Some essential products went into temporary short supply recently, either because of import delays, as was the case over the raw materials for cooking oil or because of panic buying fuelled by social media, as seems to be the case with sugar or because of a one-off problem, as was the case with eggs and avian influenza. Responsible retailers responded by imposing limits on how much each customer could buy, but did not increase prices, unless their suppliers increased first and even then retained previous margins. Others decided to ration by price, pushing up their profit margins substantially and in some cases having a three-price system for US dollar notes, bond notes and plastic, intending to play games with the notes to further raise their mark-ups.
As products return to the shelves it must have become clear to even the dumbest consumer that they were being taken for a ride by all the social media messages; either originators had political agendas or were driven by financial greed or where guilty of both. And it must also now be clear that those retailers who pushed up prices were simply feeding off consumer insecurity.
The Confederation of Zimbabwe Retailers and the Confederation of Zimbabwe Industries have both condemned profiteering by some retailers and the Government is investigating. But consumers do not have to wait for any action. They actually have the power in their own hands. They can refuse to shop at the stores and tuckshops that profiteer. This is practically possible because the large supermarket chains and many other retailers, especially the larger ones, refused to change their pricing and other policies, kept their policy of fixed percentage mark-ups, rationed scarcer essential goods and generally acted responsibly and as good citizens.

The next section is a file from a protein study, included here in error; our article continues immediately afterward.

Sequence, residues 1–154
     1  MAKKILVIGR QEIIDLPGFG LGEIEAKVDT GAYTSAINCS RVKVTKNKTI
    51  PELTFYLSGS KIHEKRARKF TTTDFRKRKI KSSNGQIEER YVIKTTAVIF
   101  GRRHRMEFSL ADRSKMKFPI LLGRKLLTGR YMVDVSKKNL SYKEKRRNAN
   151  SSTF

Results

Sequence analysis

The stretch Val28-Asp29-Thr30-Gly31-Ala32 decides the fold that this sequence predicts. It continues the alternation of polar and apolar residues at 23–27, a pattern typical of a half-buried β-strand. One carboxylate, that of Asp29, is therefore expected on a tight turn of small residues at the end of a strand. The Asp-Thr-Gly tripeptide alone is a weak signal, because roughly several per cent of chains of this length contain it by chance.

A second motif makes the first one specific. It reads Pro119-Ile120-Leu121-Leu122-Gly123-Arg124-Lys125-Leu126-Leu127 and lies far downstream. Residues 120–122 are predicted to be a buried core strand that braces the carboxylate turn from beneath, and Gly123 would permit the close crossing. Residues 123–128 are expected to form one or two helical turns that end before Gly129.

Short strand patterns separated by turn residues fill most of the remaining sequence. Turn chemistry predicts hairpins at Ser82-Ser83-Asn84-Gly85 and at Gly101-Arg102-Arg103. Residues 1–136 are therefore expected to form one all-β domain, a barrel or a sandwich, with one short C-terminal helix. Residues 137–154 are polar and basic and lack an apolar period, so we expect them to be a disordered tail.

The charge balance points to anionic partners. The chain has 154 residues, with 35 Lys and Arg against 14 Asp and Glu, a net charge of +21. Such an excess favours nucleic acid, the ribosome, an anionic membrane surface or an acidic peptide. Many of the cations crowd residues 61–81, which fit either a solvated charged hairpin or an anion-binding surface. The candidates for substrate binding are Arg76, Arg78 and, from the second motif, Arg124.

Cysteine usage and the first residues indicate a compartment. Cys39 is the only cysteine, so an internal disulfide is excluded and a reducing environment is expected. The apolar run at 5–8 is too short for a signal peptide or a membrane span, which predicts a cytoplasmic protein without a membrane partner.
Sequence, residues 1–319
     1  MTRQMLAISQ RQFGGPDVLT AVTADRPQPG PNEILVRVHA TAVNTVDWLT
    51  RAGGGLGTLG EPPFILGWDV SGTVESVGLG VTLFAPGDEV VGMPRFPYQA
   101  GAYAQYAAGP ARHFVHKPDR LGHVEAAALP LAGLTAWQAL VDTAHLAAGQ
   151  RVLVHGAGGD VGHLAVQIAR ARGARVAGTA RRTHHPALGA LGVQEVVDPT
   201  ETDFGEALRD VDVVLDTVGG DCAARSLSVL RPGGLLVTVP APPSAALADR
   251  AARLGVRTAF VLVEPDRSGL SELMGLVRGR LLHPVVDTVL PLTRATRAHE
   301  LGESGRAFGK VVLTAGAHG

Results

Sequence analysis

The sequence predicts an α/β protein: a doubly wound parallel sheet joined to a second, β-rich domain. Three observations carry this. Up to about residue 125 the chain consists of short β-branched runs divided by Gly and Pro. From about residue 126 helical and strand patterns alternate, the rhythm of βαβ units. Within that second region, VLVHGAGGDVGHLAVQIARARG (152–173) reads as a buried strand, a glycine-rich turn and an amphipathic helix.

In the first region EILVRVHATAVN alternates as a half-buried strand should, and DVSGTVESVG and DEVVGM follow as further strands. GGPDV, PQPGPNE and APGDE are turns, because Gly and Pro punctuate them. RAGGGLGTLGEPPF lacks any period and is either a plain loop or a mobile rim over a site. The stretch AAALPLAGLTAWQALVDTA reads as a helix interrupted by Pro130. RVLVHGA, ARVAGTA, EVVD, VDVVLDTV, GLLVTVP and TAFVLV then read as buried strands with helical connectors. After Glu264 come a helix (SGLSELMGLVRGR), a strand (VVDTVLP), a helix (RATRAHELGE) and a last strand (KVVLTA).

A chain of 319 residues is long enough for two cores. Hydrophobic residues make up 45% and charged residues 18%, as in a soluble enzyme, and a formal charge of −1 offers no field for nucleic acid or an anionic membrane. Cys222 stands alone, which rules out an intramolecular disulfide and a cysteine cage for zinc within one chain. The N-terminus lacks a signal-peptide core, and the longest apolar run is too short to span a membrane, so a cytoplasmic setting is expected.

So it is not difficult to boycott the profiteering hyenas. At worst, in some areas, a 50c bus ticket might be required to go and shop at a respectable shop, but that is the most anyone needs to add to their grocery bill. We suspect that determined consumer action will soon bring those who refuse to play by the rules back into line.
At the same time millers, oil expressers, sugar refiners, bakers, egg producers, meat and poultry suppliers plus the many Zimbabwean industrialists who now see their products lining more shelf space should also continue to be responsible. At times they might hit a temporary shortage of a raw material, at times the price of one of their inputs might rise, at times they might be hit by an extra expense. All these could cause legitimate temporary shortages or cause a legitimate price rise.
In both cases a simple notice explaining the problem or giving careful and considered reasons for a price rise, would help people understand. The same Zimbabwean industrialists could also give indications of the range of retail or wholesale prices they think their products might attract. Obviously special offers and retail promotions can lower these prices, but the range would help consumers understand what has to be endured and what is sheer greed.
Without accurate facts being transmitted, the inaccuracies of social media players have an open field to dwell in. The Consumer Council of Zimbabwe could play a more important role in this information war, being able to check fact, initiate inquiries over price rises and generally ensure that there is a decent pool of readily accessible data, with summaries on social media, so consumers can avoid the greedy and work out how best to keep to grocery budgets.
Article Source: The Herald